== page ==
⇦ BACK

Precious metals exploration stung by economic slump

Business North
April 29, 2009

On April 20, Kennecott Rio Tinto Exploration geologist Robert Peter was supervising the setup of the first borehole the company will drill in its 2009 summer program in an ongoing search for nickel and copper in southeastern Aitkin and western Carlton counties.

The company plans to deploy two drill rigs in Automba Township in western Carlton County with each drilling up to three holes, Peter said.

That program is dramatically scaled back from 2008 when the company commissioned four rigs that drilled around the clock last summer and fall in Aitkin County, with most of that exploration activity near Tamarack in Clark Township.

It's a reflection of the severe world recession and decline in demand and prices for both ferrous (iron) and non-ferrous minerals, including copper and nickel. "Exploration is (the industry's) R&D," Peter said. "We create wealth down the line, but we don't produce cash flow."

Peter is principal geologist with nine employees at the company's field office in Tamarack, (pop. 97), about 50 miles west of Duluth on state Highway 210. Kennecott Exploration is based in Salt Lake City, UT, and part of Rio Tinto Exploration. Parent Rio Tinto Group, based in London and Melbourne, Australia, is one of the world's largest metals and minerals developers. In fiscal 2008, it generated $3.7 billion in net earnings on $58 billion in consolidated revenues.

Kennecott Exploration holds mineral leases on 16,000 acres in Aitkin and Carlton counties and has been exploring there since 2001. In the first seven years it drilled 47 bore holes, capped by its first discovery of high-grade nickel-copper mineralization during the winter of 2007-08. The high-grade rock strata was discovered about 1,000 feet down at Hole 42 in Aitkin County's Clark Township.

Last year the company drilled more than 50 holes in Aitkin County, concentrated in a 120-acre area in Clark Township near Tamarack.

"Those were encouraging results," Peter said. "It was the rock type we're looking for. But one drill hole doesn't make a mine."

With the economic downturn, the company's 2009 exploration strategy has shifted, as well as slowed. "We're stepping back for a broader view of our 16,000-acre footprint," Peter said.

Mid-continent Rift

Kennecott/Rio Tinto was drawn to Aitkin and Carlton counties after the U.S. Geologic Survey published a 1997 paper outlining copper-nickel mineralization in the Northeastern Minnesota portion of the "Mid-continent Rift."

USGS mapped the region using aerial magnetic measurements and identified geologic formations in the 16,000-acre area Kennecott has leased that holds promise for nickel-rich deposits.

These deposits of both ferrous and non-ferrous minerals are the result of geological events more than 1.1 billion years ago when a deep crack appeared in the Earth's crust as two tectonic plates overrode each other. That created the conditions for iron, nickel and copper-rich magma to erupt to the surface from deep within the earth.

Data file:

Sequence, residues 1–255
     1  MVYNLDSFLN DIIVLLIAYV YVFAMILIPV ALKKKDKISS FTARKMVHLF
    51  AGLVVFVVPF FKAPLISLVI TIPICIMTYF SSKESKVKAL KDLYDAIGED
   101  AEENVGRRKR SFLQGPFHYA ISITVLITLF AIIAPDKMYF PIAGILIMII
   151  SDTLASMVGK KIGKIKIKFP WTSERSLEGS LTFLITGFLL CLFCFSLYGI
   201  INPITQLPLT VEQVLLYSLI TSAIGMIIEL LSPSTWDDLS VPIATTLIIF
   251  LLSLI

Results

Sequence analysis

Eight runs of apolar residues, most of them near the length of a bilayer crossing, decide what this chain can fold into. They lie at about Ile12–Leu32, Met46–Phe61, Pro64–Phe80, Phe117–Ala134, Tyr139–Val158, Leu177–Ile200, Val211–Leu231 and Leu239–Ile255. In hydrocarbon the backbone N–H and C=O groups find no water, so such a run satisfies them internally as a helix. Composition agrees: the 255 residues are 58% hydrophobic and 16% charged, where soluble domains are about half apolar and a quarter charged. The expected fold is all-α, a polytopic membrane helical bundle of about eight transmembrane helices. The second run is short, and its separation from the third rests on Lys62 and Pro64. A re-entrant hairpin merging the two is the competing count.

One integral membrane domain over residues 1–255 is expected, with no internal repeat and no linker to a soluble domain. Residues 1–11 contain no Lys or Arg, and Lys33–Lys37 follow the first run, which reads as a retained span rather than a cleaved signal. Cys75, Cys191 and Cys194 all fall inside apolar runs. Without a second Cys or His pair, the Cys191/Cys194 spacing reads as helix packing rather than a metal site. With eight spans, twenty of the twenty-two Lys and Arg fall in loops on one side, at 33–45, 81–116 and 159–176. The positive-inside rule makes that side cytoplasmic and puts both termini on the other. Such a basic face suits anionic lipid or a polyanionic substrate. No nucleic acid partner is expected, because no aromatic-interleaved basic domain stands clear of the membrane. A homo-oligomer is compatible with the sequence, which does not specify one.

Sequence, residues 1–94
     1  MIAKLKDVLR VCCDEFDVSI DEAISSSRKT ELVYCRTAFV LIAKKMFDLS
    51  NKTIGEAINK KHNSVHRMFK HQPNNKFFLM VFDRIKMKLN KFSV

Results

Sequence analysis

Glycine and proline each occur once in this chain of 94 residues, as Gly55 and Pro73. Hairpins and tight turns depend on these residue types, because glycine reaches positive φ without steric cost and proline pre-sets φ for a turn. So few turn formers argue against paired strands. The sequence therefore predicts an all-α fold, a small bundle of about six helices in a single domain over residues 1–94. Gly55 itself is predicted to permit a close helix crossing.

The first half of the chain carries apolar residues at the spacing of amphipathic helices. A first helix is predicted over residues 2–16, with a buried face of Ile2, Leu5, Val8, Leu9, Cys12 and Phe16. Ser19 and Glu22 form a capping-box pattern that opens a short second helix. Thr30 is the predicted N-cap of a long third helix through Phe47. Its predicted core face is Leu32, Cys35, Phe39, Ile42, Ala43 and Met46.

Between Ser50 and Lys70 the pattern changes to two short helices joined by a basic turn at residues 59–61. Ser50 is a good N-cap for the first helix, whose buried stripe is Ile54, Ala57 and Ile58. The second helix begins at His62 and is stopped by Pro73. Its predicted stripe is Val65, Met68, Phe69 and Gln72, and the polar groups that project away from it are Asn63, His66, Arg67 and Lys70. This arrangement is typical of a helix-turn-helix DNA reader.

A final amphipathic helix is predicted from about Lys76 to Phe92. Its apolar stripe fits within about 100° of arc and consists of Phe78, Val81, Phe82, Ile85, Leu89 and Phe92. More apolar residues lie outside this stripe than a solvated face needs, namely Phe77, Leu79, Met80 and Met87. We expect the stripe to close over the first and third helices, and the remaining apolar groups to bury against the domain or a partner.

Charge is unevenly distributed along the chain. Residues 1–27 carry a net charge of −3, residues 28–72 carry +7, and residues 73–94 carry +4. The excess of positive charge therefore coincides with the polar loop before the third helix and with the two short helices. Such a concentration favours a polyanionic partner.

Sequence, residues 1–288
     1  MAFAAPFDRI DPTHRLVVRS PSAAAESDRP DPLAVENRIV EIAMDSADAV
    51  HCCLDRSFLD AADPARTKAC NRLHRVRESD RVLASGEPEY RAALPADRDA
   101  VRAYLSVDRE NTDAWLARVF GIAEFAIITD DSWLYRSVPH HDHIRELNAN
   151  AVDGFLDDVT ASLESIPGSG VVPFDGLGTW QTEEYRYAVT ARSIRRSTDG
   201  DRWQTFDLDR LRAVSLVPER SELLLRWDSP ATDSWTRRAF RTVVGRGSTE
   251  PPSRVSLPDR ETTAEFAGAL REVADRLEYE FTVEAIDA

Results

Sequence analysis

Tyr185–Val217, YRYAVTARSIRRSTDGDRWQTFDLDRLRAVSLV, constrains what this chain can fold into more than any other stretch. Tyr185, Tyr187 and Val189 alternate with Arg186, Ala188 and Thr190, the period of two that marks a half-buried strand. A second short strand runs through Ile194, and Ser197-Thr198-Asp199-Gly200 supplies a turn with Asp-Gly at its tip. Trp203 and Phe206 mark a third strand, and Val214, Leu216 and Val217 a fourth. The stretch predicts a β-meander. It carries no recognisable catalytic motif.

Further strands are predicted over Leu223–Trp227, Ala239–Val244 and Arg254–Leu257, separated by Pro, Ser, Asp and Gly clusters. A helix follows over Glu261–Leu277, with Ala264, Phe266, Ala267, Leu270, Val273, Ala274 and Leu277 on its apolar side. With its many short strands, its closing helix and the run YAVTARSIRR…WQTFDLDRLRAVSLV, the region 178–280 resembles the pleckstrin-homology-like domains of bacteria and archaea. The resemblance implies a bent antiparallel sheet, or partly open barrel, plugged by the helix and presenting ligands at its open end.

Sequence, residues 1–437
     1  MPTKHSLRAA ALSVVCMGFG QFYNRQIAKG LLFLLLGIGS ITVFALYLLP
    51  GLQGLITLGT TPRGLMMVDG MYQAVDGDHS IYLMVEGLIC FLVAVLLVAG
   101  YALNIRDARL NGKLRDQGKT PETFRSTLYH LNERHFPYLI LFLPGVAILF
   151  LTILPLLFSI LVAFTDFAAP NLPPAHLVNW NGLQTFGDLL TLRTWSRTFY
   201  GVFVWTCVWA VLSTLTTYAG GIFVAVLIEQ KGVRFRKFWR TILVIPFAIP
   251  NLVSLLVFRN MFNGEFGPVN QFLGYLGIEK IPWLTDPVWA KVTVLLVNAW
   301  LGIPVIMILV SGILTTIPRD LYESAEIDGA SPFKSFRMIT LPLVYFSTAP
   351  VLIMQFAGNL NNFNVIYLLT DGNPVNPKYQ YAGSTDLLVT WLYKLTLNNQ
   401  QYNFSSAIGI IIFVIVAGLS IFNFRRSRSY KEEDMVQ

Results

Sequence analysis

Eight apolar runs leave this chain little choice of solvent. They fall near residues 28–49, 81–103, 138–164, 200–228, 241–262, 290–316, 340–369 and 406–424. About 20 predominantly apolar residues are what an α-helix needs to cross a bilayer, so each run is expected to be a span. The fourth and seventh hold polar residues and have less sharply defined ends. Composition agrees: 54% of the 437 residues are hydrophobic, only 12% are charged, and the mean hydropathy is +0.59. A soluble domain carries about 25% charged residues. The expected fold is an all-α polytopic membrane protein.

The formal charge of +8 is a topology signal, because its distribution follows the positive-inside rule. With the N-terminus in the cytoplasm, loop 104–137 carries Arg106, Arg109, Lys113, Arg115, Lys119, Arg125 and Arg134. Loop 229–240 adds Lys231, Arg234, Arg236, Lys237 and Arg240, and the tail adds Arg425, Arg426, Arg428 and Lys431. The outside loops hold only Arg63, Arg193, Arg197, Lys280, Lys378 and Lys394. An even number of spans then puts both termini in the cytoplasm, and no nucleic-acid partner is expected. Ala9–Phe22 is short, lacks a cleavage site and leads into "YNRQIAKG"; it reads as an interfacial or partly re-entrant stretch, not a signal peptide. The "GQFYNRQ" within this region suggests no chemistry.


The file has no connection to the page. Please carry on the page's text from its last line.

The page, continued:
Other players

Presently, three other companies want to develop non-ferrous minerals ore bodies in another part of the Rift stretching from Virginia to Babbitt-Ely called the Duluth Complex. Furthest along is Vancouver, BC-based Polymet Mining, ((NYSE:PLM), which has proposed a copper-nickel mining and processing operation at the NorthMet ore body it controls near Hoyt Lakes. Polymet would process the ore at the nearby Erie Plant it already owns.

The company has stated it will release its long-delayed draft Environmental Impact Statement by June 30. The Minnesota Department of Natural Resources and U.S. Army Corps of Engineers are co-leading that environmental review process. With their approval and needed permits, Polymet could begin actual mining later this year. The mine and processing operations would employ 400 workers for up to 25 years, according to the company.

Meanwhile, Toronto-based Duluth Metals, Ltd. (TSX:DM) and Franconia Minerals Corp. (TSX:FRA) are exploring the Nokomis and Birch Lake ore formations in the Duluth Complex, respectively.

Reflecting industry conditions, the stocks of all three firms are trading near their 52-week lows (stocks table, page 18). For instance, Duluth Metals common stock that traded at $2.95 on April 30, 2008, plummeted to a low of $0.14 on March 4.

Those dismal stock prices provided the only gallows humor in a generally upbeat session devoted to non-ferrous mining at the 70th annual University of Minnesota Mining Symposium in Duluth on April 14. Industry and academic scientists said copper, nickel and platinum group precious metals deposits in the Duluth Complex represent the largest untapped non-ferrous metals resource in the world. Those USGS estimates indicate the Duluth Complex also stacks up nearly as well against the world's premiere non-ferrous ore bodies already under development.

Dean Peterson, senior vice president-exploration at Duluth Metals, and a former UMD Natural Resources Research Institute geologist, places Duluth Complex copper sulphide deposits at No. 2 in the world, behind Russia; nickel as No. 3, behind Russia and the Sudbury District in Ontario, respectively; and No. 4 in platinum group element reserves.

He said Duluth Metals also has cut its 2009 exploration schedule and will concentrate on environmental studies as it waits for mineral prices to recover. "We've already identified enough to mine for 100 years," he said.

Donald Fosnacht, director of the Research Institute's Center for Applied Research and Technology, predicts non-ferrous mining in Northeastern Minnesota will grow to rival its established iron ore industry. In an interview that aired April 21 on Minnesota Public Radio, Fosnacht said ". . .this deposit is so massive, you have many, many potential years of mining."

Minnesota State Building and Construction Trades Council United in Opposition to Anti-Mining Bill

Wall Street Journal MarketWatch
April 22, 2009